|Files in This Item:|
|Title: ||Reports of side effects associated with the use of drugs 1985|
|Publisher: ||National Drugs Advisory Board (NDAB)|
|Issue Date: ||1985 |
In the ten year period of 1970 to 1980 the Board received 9 reports of hepatitis (2 fatal) associated with the repeated
use of halothane. This mirrors experience in other countries. Although the mechanism of action is not as yet generally
accepted, the role of allergenicity is considered highly significant. It is recommended that where ever possible
administration of halothane should not be repeated at less than 3 monthly Intervals.
A second potential source of risk from halothane lies in its cardiodepressant action, a tendency to bradycardia, and to
arrhythmias which may lead to particular problems when the anaesthetic is administered to patients maintained on
beta-adrenoceptor blockade. It Is essential that anaesthetists be aware of medications used on patients coming
under their cam so that appropriate precaution can be taken.
This drug Is being used more frequently in the management not only of epilepsy but for other conditions. It is useful
therefore to review the types of side effects for which clinicians need to be on the alert. The most Important of these
concern the central nervous system with incoordination, drowsiness and ataxia, hypersensitivity reactions affecting
skin, liver, blood and lung particularly, and those apparently directly related to plasma levels of carbamazepine such
as the syndrome of inappropriate secretion of antidiuretic hormone.
This drug was withdrawn from the market in 1983. As has been reported in other countries its use has been associated
with cases of dependence.
The Neuroleptic Malignant Syndrome characterised by hyperthermia, semi coma to coma, muscular rigidity and
autonomic disorders is generally recognised as being most frequently associated with the high potency anti psychotic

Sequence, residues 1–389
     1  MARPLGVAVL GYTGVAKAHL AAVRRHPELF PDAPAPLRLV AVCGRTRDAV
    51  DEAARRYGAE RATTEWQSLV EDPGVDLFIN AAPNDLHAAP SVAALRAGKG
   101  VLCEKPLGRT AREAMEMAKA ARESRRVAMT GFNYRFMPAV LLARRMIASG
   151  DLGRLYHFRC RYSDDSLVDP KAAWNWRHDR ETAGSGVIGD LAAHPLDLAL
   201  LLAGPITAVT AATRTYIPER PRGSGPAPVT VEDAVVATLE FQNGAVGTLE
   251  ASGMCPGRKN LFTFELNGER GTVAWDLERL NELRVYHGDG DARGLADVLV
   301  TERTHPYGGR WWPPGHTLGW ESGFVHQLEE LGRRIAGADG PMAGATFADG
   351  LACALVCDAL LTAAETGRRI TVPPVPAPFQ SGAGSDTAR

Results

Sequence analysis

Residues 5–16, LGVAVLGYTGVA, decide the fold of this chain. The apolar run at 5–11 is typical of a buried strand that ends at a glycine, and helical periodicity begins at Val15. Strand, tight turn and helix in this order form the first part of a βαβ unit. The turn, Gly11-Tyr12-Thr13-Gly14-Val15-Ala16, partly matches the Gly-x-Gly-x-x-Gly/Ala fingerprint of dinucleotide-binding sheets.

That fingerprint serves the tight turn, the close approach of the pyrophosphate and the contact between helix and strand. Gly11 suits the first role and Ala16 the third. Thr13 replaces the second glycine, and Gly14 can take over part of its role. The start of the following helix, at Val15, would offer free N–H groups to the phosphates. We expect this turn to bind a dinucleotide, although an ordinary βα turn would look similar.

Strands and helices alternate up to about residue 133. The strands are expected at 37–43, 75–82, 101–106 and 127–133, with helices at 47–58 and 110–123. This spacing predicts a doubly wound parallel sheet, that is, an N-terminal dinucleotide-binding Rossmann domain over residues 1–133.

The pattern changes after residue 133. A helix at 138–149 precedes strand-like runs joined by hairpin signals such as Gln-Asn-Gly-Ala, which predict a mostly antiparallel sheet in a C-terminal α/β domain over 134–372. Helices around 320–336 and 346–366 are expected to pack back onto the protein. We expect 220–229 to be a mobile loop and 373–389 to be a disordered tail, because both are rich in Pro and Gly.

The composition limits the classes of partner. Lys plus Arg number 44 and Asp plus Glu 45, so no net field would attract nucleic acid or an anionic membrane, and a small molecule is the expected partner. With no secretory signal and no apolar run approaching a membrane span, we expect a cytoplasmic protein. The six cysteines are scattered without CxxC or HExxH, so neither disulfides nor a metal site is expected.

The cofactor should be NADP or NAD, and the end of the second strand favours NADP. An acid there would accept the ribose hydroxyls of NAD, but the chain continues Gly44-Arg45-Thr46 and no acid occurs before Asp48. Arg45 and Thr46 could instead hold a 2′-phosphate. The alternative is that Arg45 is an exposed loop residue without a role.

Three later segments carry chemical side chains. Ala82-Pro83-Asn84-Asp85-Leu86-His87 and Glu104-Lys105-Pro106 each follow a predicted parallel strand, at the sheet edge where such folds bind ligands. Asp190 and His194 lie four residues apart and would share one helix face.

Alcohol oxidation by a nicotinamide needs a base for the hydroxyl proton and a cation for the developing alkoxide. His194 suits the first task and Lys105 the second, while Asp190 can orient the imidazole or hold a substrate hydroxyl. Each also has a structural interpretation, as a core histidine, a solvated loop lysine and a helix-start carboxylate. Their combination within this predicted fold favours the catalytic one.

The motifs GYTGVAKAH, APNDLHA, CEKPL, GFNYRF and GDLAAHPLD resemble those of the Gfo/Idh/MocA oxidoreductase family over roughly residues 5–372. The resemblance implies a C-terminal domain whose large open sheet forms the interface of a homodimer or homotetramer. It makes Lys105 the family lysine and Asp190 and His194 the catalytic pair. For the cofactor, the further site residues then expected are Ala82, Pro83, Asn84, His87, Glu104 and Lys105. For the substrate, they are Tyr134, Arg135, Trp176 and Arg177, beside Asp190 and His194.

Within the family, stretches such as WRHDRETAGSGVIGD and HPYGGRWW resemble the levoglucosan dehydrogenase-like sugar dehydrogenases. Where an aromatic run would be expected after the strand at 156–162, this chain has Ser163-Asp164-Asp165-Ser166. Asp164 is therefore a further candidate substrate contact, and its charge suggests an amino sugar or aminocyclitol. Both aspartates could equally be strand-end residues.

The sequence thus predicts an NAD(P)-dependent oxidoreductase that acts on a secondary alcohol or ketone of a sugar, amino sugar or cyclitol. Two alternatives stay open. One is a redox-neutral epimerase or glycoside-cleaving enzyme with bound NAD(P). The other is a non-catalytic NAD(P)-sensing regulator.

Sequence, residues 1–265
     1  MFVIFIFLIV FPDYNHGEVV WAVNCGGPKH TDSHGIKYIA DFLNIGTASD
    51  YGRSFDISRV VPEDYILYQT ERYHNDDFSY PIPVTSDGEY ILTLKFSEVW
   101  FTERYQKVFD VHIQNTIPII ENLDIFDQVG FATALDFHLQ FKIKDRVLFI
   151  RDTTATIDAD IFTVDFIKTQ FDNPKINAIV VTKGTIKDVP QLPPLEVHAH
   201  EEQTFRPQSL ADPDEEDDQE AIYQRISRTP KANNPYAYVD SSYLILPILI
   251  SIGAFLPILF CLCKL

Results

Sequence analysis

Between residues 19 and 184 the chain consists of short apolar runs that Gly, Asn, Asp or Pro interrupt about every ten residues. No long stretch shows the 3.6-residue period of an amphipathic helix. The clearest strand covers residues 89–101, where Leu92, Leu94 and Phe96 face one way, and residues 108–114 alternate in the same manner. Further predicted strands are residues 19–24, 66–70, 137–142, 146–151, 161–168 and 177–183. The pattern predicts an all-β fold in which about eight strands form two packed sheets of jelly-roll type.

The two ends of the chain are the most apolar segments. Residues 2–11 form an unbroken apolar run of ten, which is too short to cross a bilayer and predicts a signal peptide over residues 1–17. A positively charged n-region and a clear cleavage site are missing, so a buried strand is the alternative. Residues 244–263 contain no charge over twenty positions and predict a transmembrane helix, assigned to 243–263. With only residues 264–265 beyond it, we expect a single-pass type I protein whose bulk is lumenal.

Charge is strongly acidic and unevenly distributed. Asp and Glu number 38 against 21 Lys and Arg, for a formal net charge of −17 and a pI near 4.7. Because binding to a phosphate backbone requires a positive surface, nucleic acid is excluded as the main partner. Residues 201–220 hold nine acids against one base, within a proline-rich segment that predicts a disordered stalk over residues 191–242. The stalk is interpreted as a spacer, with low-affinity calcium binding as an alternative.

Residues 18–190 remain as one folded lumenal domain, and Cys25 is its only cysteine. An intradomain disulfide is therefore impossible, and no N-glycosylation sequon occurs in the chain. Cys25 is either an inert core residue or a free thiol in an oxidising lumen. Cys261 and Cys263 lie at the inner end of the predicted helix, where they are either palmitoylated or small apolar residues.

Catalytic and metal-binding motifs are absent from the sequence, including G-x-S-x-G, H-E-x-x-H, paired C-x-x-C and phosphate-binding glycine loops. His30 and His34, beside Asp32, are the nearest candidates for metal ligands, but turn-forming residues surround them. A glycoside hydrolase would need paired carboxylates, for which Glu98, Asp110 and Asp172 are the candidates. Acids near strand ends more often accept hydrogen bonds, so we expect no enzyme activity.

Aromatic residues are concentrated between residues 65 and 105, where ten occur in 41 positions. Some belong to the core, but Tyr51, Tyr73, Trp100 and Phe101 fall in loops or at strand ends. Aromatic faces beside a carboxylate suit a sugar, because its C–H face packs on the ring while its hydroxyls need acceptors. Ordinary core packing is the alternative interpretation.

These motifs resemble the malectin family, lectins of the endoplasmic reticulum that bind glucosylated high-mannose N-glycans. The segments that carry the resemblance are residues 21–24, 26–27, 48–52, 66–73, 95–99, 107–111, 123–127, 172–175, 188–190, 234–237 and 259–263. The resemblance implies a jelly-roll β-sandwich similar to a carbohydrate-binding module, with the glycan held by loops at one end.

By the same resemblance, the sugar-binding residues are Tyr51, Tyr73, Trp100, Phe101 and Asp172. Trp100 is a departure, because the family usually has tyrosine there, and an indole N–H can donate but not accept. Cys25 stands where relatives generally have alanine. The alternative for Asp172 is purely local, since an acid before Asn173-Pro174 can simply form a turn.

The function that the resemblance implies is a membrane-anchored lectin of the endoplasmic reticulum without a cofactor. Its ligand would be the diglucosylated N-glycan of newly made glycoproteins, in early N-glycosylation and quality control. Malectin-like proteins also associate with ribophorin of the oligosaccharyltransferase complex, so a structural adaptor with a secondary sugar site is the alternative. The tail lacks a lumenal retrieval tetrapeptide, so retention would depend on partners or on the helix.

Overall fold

drugs such as chlorpromazine, flupenthixol and trifluoperazine. It is less commonly known that a similar adverse
effect can develop with prolonged antihistamine therapy especially with the phenothiazines, but also with some of the
other antihistamines. Recovery is delayed with those drugs having a long half life or presented as a dep6t preparation.
The reaction can be particularly severe in the young.
It is again noteworthy that central nervous system irritability manifested as confusion, bizzare behaviour, nightmares,
hallucinations, aggression, and occasionally withdrawal syndrome, etc. occurs In some individuals in association
with drugs of this group particularly those with a short half-life, when used over prolonged periods, in association with
other centrally active drugs, or in the elderly.
It is important tl1at use of benzodiazepines should be limited to short periods of 4 to 6 weeks or less, whether the drug
is intended for Insomnia or anxiety, kept to as low a dose as possible if given concomitantly with other central nervous
system drugs, and used at minimal levels for the elderly.
This short acting benzodiazepine has been available for about 18 months as a parenterally administered anaesthetic
for short duration minor procedures. Particular care is required in its rate of administration and in the selection of
patients for its use since It has a significant propensity for cardiorespiratory functional depression|
|Appears in Collections: ||National Drugs Advisory Board|
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